A reader email asked: “How do I get a nice fluffy, cracked top molasses cookie?”
Frustrated with molasses cookies that “come out very flat” even after adding a teaspoon of baking powder to the recipe, the reader wants “a nice cracked top molasses cookie. Like my grandma used to make.”
Well dear reader, while I’ve never tasted your grandma’s molasses cookies, you’ve asked the right home-cook hack with a weekly cooking column. I love molasses cookies and was waiting for the right time to give the No Budget Cooking Series treatment to Grandma’s Molasses recipe for Molasses Crinkle Cookies.
The company has grandma in its name. While crinkle doesn’t pop up in a thesaurus search of cracked, I think we’re after the same top-of-the-cookie esthetic. With those two factors combined, I like the chances that these are the cookies the reader is looking for.
Molasses Crinkle Cookies
Servings: About 48 cookies
¾ cup shortening, softened
1 cup light brown sugar, packed
¼ cup molasses
2¼ cups flour
2 teaspoons baking soda
¼ teaspoon salt
½ teaspoon cloves
1 teaspoon cinnamon
1 teaspoon ginger
Sugar for dipping
Mix shortening, sugar, egg and molasses. Stir in remaining ingredients. Chill dough.
Heat oven to 375 F.
Roll dough into balls the size of walnuts, dip tops in sugar. Place sugared side up on greased baking sheet. Sprinkle cookies with 2-3 drops of water each for a cracked surface.
Bake 10-12 minutes.
(Recipe from Grandma’s Molasses)
TASTING NOTES: Spicy sweet. Slightly soft. Scrumptious. These meet all expectations of what I want from classic molasses cookies.
EQUIPMENT: Mixing bowl, three measuring cups, three measuring spoons, wooden spoon or electric beater, spatula, tablespoon or cookie scoop, and baking sheet.
PRACTICALITY: Measure, mix and bake. It doesn’t get much simpler. Just budget at least an hour of chill time for the dough.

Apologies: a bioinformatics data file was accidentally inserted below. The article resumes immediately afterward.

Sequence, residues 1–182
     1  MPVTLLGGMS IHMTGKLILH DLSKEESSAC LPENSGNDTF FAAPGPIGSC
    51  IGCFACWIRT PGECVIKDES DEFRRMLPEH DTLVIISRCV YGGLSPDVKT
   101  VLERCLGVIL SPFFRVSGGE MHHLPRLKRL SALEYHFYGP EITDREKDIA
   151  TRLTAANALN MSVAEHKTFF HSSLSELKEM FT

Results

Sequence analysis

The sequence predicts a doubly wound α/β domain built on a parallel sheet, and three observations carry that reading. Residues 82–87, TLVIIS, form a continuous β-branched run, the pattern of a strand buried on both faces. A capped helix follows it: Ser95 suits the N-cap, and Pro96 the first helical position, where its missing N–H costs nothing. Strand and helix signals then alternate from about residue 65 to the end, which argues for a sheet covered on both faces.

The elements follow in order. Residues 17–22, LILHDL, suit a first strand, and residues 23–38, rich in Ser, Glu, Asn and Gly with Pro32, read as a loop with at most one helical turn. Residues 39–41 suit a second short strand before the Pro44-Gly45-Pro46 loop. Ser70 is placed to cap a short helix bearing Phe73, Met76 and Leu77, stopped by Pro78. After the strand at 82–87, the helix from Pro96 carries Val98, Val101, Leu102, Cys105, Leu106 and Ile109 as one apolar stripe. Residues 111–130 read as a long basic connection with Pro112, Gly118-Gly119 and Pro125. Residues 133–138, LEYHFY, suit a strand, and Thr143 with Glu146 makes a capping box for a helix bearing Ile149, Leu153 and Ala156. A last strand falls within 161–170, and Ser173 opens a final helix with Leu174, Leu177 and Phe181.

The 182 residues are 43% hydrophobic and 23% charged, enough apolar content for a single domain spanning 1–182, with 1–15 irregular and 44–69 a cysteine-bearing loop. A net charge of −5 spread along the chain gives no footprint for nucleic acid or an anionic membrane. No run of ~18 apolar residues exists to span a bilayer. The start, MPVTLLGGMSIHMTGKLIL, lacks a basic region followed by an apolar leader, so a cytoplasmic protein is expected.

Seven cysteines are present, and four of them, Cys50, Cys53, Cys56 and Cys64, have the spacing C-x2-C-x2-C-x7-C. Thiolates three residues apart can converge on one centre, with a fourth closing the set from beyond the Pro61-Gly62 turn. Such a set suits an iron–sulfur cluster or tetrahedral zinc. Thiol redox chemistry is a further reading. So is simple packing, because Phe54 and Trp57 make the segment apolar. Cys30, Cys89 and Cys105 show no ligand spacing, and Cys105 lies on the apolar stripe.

HACKS/INSIGHTS: I like molasses for more than cookies, I add it in my pumpkin pie filling and occasionally to homemade barbecue sauce. For this test I used Grandma’s unsulphured original strength. In other brands this might be labeled light, sweet or mild. If you want to dial down sweetness and boost bitterness, use molasses labeled dark, robust or full flavor. Do not use molasses labeled backstrap — unless you’re playing a trick on unsuspecting folks reaching for these treats.
Roll dough into balls the size of walnuts? OK Grandmas, I get that you’re going for old-school authenticity with the “gold standard since 1890” tagline on the bottle, but I haven’t had a whole walnut in the house since 1970-something when my parents regularly stocked unshelled nuts in a bowl/nutcracker set. For cooks born after 1980 needing a relevant size reference, form dough into 1- to 1¼-inch balls.
I sprinkled water on alternating batches of cookies but didn’t see a notable difference in cracked tops. I was pleased with the crinkles upon the tops of the cookies. Not wanting to leave any crumb unturned when it comes to molasses cookie artistry, I checked with the culinary team at Zuppas Café and Catering in Neenah, who make lovely cracked molasses cookies. Nope. No special techniques to get the cracked top. They even sent a photocopy of cookbook page with the recipe. It’s the same as Grandma’s.
Shortening may be the not-so-secret ingredient to creating cracked tops. I suspect shortening also boosts these cookies’ fluffy factor. I didn’t bake a batch with butter instead of shortening so I can’t say 100% that this is the key ingredient to solving my reader’s quest. However, shortening produced thicker and visually superior cookies in a previous head-to-head test of chocolate chip cookie recipes.
ASK ME CULINARY QUESTIONS OR TEACH ME YOUR RECIPES: Several readers sent emails asking if I left out egg or oil as an ingredient in the pumpkin spice muffin recipe. Nope. It’s as simple and easy as stirring together a cake mix, pumpkin and splash of water. Please keep sending your questions, feedback and recipes you’d like reviewed. I’m always happy to consider a family favorite recipe (regardless of its consideration as part of the No Budget Cooking Series).
More: Chocolate chip cookie recipes: Nestle vs. Crisco. Which is better depends on what you want
More: Enjoy pumpkin pie filling in the form of muffins with this No Budget Cooking Series recipe
More: Easy recipes tested and reviewed here. Follow these links to past No Budget Cooking Series stories
ABOUT THIS SERIES: I test recipes found on food packages in my very average kitchen with my moderately above average cooking talent and meh presentation skills. I’ll provide some insights and basic cooking tips. If you don’t find these stories useful, hopefully you find them entertaining.
This article originally appeared on Green Bay Press-Gazette: Grandma’s Molasses recipe delivers on its crinkle top promise for these molasses cookies | No Budget Cooking Series